There is no doubt whatever that Vespucci made a voyage in 1499-1500, along with Alonzo de Ojeda and the great pilot Juan[Pg 109] de la Cosa, but whether this may be styled his first or his second must be left to the intelligence of the reader, for the historians are at odds themselves, and it might seem presumptuous in the biographer to assume to decide.
In a pamphlet accompanying "the earliest known globe of Johann Schöner," made in 1515, the new region is described as the "fourth part of the globe named after[Pg 246] its discoverer, Americus Vespucius, who found it in 1497." Vespucci did not find it, and he never made the claim that he discovered more than is given in his letters; but this misstatement by another caused him to be accused of falsifying the dates of his voyages in order to rob Columbus of his desserts.
Marco Polo, Vespucci's Countryman
Marco Polo, the Venetian, exercised a strong and lasting influence upon the minds of Toscanelli, Columbus, Vespucci, and, through them, upon others, although he died in the first quarter of the century in which the first-named of this distinguished triad was born. All these had this birthright in common: they were Italians; and, moreover, it was in Genoa, the reputed birthplace of Columbus, that Marco Polo's adventures were first shaped into coherent narrative and given to the world.
Amerigo Vespucci was born in Florence, March 9, 1451, just one hundred and fifty years after Dante was banished from the city in which both first saw the light. The Vespucci family had then resided in that city more than two hundred years, having come from Peretola, a little town adjacent, where the name was highly regarded, as attached to the most respected of the Italian nobility. Following the custom of that nobility, during the period of unrest in Italy, the Vespuccis established themselves in a stately mansion near one of the city gates, which is known as the Porta del Prato. Thus they were within touch of the gay society of Florence, and could enjoy its advantages, while at the same time in a position, in the event of an uprising, to flee to their estates and stronghold in the country.
Routes of the discoverers
Oldest known image of Columbus
While Cortez and Pizarro had been conquering Mexico and Peru, other Spaniards had been seeking their fortune in Florida. Thus far these men had brought back no gold and silver, but their faith in the mines of the interior was so great that De Soto wished to conquer and explore the country. Having already won great influence by his achievements, he secured the favor of the king, who made him governor of the island of Cuba, and appointed him leader of an expedition to conquer and occupy Florida. He was to take men enough with him to build forts and plant a colony, so as to hold the country for Spain.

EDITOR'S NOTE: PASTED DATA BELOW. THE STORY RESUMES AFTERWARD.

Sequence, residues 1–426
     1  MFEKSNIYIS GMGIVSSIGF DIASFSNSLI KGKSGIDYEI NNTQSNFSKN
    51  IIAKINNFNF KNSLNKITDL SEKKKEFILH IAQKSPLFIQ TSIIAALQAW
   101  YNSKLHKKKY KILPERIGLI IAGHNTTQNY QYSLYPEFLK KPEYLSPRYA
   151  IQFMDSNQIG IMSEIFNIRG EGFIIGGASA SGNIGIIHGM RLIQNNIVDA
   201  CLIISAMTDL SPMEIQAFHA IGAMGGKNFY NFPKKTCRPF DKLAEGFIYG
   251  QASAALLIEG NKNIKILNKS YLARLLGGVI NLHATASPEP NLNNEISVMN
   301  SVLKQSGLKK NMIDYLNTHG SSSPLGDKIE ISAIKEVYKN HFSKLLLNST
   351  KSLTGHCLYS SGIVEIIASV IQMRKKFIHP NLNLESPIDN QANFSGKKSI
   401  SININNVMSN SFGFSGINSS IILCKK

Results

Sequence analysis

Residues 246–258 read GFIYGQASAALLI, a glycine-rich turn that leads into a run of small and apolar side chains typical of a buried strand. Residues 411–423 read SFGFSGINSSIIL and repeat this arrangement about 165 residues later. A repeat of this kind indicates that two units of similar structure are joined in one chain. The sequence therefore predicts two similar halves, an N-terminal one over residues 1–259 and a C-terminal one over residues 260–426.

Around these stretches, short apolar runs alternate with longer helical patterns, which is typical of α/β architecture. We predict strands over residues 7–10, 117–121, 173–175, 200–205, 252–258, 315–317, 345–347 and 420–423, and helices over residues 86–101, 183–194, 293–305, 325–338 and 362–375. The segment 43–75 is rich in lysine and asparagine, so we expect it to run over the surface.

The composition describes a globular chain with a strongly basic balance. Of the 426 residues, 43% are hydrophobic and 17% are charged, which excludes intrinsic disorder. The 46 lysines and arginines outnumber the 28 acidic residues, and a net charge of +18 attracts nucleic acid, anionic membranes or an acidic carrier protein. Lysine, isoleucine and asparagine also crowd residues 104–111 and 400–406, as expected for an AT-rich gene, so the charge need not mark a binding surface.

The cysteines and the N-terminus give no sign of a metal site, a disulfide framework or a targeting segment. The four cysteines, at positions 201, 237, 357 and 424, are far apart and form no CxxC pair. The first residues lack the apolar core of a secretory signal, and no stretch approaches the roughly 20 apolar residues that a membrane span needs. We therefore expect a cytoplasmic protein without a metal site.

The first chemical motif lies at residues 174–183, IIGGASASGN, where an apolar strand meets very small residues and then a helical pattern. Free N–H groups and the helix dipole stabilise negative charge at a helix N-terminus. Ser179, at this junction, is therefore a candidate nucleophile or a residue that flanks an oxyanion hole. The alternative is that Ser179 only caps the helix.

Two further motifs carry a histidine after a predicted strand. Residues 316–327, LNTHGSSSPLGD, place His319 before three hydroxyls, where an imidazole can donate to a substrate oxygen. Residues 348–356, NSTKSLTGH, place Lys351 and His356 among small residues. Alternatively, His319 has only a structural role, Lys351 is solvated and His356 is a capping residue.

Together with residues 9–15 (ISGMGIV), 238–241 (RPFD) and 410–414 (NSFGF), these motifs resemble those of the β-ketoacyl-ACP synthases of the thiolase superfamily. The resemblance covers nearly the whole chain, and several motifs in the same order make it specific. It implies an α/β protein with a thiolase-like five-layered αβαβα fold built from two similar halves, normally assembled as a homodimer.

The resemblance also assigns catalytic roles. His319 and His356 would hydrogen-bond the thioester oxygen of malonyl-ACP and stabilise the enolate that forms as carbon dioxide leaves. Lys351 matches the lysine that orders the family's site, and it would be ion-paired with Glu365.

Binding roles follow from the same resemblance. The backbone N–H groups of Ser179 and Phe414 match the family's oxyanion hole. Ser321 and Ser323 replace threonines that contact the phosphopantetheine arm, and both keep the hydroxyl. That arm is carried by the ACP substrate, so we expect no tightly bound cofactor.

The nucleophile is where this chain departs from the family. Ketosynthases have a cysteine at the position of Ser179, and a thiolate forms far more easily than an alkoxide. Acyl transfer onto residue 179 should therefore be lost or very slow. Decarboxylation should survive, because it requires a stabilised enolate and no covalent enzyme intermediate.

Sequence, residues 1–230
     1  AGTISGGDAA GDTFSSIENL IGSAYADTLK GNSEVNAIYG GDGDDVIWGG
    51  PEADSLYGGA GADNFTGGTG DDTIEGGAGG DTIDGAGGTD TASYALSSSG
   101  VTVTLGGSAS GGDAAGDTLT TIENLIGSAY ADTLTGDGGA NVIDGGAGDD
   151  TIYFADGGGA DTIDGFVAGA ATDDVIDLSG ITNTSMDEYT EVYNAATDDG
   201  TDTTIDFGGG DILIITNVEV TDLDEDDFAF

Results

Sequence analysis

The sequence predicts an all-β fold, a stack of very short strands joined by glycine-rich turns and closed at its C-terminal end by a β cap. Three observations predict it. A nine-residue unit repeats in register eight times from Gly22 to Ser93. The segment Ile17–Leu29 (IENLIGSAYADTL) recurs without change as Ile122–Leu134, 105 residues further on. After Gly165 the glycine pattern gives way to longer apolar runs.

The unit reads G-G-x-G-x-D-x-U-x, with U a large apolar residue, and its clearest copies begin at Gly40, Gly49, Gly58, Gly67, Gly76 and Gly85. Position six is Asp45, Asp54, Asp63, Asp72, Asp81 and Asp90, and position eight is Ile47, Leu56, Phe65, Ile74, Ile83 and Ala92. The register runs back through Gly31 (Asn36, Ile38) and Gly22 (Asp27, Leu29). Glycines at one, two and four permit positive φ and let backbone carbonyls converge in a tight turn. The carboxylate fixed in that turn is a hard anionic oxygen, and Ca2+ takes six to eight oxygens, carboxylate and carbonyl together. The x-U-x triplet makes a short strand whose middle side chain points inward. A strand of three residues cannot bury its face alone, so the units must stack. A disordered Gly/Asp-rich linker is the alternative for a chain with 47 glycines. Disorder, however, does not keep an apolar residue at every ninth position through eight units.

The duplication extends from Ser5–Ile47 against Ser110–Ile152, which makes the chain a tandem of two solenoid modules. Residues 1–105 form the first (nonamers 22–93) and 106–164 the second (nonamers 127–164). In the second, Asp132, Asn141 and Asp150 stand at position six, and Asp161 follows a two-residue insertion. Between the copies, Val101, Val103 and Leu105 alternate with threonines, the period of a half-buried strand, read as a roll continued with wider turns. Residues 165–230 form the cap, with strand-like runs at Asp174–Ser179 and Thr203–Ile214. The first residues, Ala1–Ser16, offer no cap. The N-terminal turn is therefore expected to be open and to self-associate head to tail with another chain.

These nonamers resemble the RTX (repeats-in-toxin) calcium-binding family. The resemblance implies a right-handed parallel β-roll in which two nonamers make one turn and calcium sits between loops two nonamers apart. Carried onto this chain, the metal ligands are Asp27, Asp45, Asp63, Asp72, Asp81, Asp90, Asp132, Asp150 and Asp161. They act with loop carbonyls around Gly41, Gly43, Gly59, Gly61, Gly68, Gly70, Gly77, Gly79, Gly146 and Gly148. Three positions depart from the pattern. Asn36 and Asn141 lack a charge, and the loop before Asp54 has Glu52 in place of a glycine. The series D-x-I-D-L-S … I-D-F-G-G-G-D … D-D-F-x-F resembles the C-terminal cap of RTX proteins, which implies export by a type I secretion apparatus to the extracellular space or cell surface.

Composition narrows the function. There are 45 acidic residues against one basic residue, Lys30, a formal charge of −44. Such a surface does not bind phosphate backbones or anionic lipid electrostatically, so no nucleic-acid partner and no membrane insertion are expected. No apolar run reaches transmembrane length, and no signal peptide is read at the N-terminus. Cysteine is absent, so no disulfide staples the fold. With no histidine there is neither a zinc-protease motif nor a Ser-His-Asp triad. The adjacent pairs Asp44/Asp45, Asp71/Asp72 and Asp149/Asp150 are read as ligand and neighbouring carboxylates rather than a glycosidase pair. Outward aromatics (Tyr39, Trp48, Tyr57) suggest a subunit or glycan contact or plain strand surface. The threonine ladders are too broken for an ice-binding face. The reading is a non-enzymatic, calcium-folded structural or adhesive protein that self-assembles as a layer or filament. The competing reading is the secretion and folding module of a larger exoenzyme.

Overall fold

The successful voyager lost no time in reaching Barcelona, where he was received by the king and queen with triumphal honors. Everybody was ready to praise the man who had become so famous. There was a great procession in his honor in the streets of Barcelona. Leading this street parade were six Indians whom Columbus had brought back with him. These were smeared with paint, decked with feathers of tropical birds, and ornamented with bits of gold. Following them came men carrying stuffed and live birds of brilliant plumage, and the skins of different animals, all products of the New Land. Columbus rode on horseback, attended by many of Spain's great men, mounted on horses.
On Christmas morning (December 25, 1492), while it was still dark, as he was cruising along the shores of[Pg 16] Hayti (or Hispaniola), the Santa Maria went aground on a sand-bar, where the waves soon knocked her to pieces. As the Pinta had already deserted, there now remained but one ship, the Niña. This little vessel was too small to accommodate all the men, and forty of the number, wishing to stay where they were, decided to build a fort out of the timbers of the wrecked vessel and put her guns in the fort for their defence. These men had provisions for a year, and constituted the first Spanish colony in the New World.
The three caravels that were at length got ready for the perilous expedition westward in search of the Indies were not larger than many of the fishing-boats of to-day. The largest of the three—the flagship of Columbus—was called the Santa Maria. The other two were the Pinta and the Niña ("Baby"). The Santa Maria alone had a deck covering the entire hold of the vessel.